Very Rare but potentially dangerous:
Loosening of fingernails; numbness, tingling, pain, or weakness in hands or feet; pain in lower back or side; unexplained nosebleeds

If you've been on Allopurinol for a while without incident, chances are that you won’t have side effects down the road. The most common side-effect that CAN crop up, tho, at any time, is a sudden hypersensitivity/allergic reaction that causes a rash. In rare cases, this rash can become severe and widespread enough to be life threatening. It doesn’t happen often, but kidney patients are among those most at risk for developing such a problem. Should a rash of any sort develop at any point, it’s definitely something that needs immediate attention. Sometimes, all that is needed is a change in the dosage of the Allopurinol, but the situation must be addressed early on, as soon as it develops.

In addition, some recent studies into long term use have shown that in some cases, this med can increase the risk for cataracts, but there doesn’t seem to be conclusive evidence as yet.

Last but not least, Allopurinol can react badly with many other meds, so it is essential that the prescribing doctor (and the pharmacist) know exactly what other meds you’re taking, including any non-prescription drugs. Antacids and non-steroidal anti-inflammatory drugs (such as any derived from aspirin or paracetamol) can reduce Allopurinol’s positive effects on gout because they can cause fluctuations in the uric acid level.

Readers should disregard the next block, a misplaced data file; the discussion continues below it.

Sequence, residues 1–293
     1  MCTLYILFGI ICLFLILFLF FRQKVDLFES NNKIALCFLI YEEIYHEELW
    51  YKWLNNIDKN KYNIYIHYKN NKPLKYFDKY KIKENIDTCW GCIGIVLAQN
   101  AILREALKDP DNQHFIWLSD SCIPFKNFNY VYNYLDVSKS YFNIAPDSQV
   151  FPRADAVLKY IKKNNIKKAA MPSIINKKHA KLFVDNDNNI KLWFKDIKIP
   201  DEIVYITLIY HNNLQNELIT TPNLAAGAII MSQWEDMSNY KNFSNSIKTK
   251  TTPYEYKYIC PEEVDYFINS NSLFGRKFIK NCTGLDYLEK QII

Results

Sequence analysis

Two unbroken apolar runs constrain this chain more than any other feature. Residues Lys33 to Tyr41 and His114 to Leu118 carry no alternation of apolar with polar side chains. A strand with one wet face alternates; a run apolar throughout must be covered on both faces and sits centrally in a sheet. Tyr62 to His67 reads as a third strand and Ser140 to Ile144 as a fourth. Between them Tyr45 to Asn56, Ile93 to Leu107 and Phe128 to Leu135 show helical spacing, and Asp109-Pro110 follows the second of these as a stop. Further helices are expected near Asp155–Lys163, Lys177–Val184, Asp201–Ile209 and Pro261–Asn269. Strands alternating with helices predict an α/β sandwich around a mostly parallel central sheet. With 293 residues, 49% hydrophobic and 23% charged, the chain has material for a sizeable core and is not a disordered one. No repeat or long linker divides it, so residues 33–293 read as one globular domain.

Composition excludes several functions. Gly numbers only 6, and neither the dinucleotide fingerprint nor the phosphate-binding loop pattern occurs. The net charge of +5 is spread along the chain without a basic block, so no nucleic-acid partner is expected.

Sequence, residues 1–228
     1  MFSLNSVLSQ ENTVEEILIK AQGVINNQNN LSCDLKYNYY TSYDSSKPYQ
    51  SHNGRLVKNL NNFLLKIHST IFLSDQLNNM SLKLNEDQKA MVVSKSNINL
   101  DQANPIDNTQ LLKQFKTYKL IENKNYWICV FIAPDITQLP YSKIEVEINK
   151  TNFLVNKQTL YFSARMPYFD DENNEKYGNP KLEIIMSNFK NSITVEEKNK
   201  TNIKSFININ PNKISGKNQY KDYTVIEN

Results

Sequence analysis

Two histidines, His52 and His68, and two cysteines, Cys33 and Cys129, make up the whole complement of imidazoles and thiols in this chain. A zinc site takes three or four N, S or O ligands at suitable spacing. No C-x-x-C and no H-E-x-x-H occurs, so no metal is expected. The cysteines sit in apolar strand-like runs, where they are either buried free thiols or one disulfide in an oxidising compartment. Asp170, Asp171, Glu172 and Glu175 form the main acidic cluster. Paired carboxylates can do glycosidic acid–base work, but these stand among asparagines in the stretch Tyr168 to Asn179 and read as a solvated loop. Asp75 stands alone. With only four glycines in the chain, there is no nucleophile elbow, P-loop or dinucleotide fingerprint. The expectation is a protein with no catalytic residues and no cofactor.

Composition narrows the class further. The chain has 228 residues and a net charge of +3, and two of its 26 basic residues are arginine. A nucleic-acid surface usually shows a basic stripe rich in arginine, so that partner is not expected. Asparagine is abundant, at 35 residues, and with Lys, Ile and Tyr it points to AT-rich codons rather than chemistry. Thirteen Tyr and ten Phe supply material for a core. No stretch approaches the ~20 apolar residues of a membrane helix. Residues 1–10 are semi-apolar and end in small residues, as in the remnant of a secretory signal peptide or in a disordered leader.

Some of the other possible drug interactions can include:
1. Increased action of oral anticoagulants, including: chlorpropamide, cyclophosphamide, hydantoin, theophylline, vidarabine, ACE inhibitors, mercaptopurine, azathioprine;
2. Possible kidney stone formation when taken with: ammonium chloride, vitamin C, potassium/sodium phosphate;
3. Decreased effects of the drug probenecid;
4. Rash, when taken with Ampicillin, amoxicillin, bacampicillin;
5. Decreased effects of Allopurinol when taken with aluminium salts.
6. Increased risk of severe gout attacks when taken with diuretics

Research thus far seems to indicate that if you are able to tolerate Allopurinol when you start taking it and can avoid those meds that tend to interact badly with it, long term use does not seem to have any major consequences other than the possibility of developing a hypersensitivity/sudden allergic reaction, as mentioned earlier. Since this particular reaction does not usually occur on the initial taking of the drug, it is probably the most important thing to watch for while taking Allopurinol long-term.